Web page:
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Potential Target Method #4 Using Density and ETo Factors. U4 Technical Subcommittee Meeting August 25, 2010. Tom Hawkins DWR. Tim Barr of Western Municipal Water District proposed a target method that uses variances in urban densities and ETo within a hydrologic region.

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Potential Target Method #4 Using Density and ETo Factors

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    1. Potential Target Method #4Using Density and ETo Factors U4 Technical Subcommittee Meeting August 25, 2010 Tom Hawkins DWR

    2. Tim Barr of Western Municipal Water District proposed a target method that uses variances in urban densities and ETo within a hydrologic region. • This presentation will be on the analysis performed with the purpose to determine if there is a relationship between these factors and water use.

    3. The target setting equation for this method: Agency 2020 GPCD Target = [(HR Target – 55) X (Agency ETo/HR ETo) X (HR Urban Density/Agency Urban Density)] + 55

    4. Primary factor affecting per capita water use is outdoor water use. • Outdoor water use can be affected by urban density (lower densities would have more irrigated landscape per person). • Outdoor water use can also be affected by weather (hotter/drier climates would have higher ET rates).

    5. For this analysis, • Urban densities were developed using DWR population data and Dept of Conservation’s urban GIS data. • For weather, normal year annual ETo were used. Water use was DWR’s data from Calif Water Plan Update.

    6. GIS layers used: • 2006 Urban Boundaries (From DOC Farmlands Mapping) • Normal Year Annual ETo (DWR and UC) • Detailed Analysis Units (DWR) • Tabular Data Used: • 2005 Urban Water Use by DAU (DWR) • 2005 Population by DAU (DWR)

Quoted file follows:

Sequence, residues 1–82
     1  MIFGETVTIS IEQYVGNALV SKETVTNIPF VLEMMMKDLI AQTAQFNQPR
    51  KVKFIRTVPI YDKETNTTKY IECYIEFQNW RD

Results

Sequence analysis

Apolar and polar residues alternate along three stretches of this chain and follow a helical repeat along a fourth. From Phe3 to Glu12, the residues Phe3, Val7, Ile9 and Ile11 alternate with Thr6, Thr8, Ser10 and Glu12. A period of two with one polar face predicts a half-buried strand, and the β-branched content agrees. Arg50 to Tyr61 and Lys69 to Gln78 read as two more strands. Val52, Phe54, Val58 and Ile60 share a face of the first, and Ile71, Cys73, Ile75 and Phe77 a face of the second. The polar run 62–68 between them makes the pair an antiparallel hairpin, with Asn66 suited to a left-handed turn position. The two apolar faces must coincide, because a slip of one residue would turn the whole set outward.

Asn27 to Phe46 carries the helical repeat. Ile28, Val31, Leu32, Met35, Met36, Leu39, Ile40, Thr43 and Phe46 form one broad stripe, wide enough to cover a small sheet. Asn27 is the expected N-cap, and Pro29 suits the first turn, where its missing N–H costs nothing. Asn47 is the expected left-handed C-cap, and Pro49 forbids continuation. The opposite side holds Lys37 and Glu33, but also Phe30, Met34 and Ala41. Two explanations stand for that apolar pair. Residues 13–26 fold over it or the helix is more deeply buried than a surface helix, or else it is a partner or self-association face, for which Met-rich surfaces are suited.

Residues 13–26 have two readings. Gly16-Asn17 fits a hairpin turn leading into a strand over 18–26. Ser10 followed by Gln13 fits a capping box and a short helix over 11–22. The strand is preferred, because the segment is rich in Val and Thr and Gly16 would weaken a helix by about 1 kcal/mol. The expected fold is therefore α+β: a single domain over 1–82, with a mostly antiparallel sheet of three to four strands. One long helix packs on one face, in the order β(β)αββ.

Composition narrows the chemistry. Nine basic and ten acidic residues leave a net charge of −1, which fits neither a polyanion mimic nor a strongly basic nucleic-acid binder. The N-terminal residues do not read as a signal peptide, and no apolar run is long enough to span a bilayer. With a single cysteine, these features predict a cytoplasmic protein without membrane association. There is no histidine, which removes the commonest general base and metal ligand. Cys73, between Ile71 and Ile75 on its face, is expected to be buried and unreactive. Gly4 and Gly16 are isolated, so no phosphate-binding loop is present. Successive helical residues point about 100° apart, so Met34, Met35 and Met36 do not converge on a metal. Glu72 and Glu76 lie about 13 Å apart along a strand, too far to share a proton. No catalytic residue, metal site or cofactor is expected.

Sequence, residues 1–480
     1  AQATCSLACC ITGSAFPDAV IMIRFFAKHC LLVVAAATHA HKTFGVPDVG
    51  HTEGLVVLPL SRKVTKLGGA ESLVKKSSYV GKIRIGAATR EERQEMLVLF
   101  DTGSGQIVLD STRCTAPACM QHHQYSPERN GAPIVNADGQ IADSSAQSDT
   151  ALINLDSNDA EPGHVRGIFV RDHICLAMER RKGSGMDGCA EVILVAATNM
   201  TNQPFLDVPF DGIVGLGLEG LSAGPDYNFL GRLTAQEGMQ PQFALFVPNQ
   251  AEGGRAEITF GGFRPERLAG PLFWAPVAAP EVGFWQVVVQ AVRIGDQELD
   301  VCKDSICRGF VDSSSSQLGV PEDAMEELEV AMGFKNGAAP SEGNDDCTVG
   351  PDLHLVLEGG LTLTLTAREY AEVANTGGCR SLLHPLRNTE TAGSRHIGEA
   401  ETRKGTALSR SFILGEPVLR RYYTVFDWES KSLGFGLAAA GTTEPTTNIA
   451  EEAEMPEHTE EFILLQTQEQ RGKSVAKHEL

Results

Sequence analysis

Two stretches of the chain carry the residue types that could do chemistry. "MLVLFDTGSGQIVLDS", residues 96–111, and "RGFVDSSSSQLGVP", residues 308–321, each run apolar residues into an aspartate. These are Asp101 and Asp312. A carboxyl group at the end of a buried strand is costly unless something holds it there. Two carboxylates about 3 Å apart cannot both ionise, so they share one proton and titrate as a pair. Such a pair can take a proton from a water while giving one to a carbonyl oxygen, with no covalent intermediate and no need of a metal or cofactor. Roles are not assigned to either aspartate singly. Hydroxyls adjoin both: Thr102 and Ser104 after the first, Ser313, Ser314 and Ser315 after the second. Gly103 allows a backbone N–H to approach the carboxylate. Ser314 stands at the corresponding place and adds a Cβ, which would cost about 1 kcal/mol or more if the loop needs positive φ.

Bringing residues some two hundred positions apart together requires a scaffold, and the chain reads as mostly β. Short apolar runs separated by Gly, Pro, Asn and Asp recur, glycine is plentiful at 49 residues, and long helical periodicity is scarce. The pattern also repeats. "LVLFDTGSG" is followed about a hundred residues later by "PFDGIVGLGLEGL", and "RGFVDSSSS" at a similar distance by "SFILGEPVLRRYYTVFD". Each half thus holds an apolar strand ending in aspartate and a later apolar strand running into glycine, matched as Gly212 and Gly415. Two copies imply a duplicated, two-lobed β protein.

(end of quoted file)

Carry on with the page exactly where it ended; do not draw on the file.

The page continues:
7. 10 Hydrologic Regions

    8. Detailed Analysis Units

    9. Urban Areas (DOC)

    10. Normal Year ETo Zones

    11. Within ARCGIS, the three GIS layers, DAU, ETo, and Urban Boundaries, were all intersected to create a new layer. • From this new layer, a data table was created with this data by DAU: • Acreage of the urban area • Volume of annual normal year ETo for the urban area

    12. Two more pieces of data were added to this data table: • 2005 Population by DAU • 2005 Urban water use by DAU • The urban densities by DAU were calculated: • Population / Urban acreage

    13. I reviewed the DAU data for QA/QC. • I visually reviewed those DAU’s with high densities (higher than Orange DAU at 11.07 people/acre). It was apparent urban acreage were missing, either totally for some DAU’s, or only a portion of the urban areas were delineated within a DAU. Those DAU’s were removed. • It was also clear that DAU’s with low populations had unreasonably high or low densities (acreage or population problems) and removed DAU’s with a population of less than 5,000.

    14. The data from the DAU data table were separated out by HR. • For each HR, the following data were used: • Population for each DAU, and for the HR • Urban acreage for each DAU, and for the HR • Urban water use for each DAU, and for the HR • ETo for each DAU, and for the HR